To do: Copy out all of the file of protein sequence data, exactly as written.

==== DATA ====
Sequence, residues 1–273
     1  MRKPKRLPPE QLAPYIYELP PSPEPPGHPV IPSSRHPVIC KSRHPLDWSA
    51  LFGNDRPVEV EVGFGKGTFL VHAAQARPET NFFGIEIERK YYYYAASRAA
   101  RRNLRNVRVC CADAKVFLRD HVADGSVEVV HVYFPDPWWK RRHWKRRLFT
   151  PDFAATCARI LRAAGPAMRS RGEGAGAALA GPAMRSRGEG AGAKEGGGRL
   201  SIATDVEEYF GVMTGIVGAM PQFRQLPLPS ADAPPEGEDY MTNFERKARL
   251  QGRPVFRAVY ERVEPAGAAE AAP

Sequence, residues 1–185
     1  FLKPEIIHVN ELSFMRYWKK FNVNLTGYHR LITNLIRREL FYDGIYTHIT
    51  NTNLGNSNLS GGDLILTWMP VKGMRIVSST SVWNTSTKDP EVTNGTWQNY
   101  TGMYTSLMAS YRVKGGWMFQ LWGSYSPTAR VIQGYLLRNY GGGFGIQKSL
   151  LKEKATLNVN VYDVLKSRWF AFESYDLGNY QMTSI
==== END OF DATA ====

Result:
Sequence, residues 1–273
     1  MRKPKRLPPE QLAPYIYELP PSPEPPGHPV IPSSRHPVIC KSRHPLDWSA
    51  LFGNDRPVEV EVGFGKGTFL VHAAQARPET NFFGIEIERK YYYYAASRAA
   101  RRNLRNVRVC CADAKVFLRD HVADGSVEVV HVYFPDPWWK RRHWKRRLFT
   151  PDFAATCARI LRAAGPAMRS RGEGAGAALA GPAMRSRGEG AGAKEGGGRL
   201  SIATDVEEYF GVMTGIVGAM PQFRQLPLPS ADAPPEGEDY MTNFERKARL
   251  QGRPVFRAVY ERVEPAGAAE AAP

Sequence, residues 1–185
     1  FLKPEIIHVN ELSFMRYWKK FNVNLTGYHR LITNLIRREL FYDGIYTHIT
    51  NTNLGNSNLS GGDLILTWMP VKGMRIVSST SVWNTSTKDP EVTNGTWQNY
   101  TGMYTSLMAS YRVKGGWMFQ LWGSYSPTAR VIQGYLLRNY GGGFGIQKSL
   151  LKEKATLNVN VYDVLKSRWF AFESYDLGNY QMTSI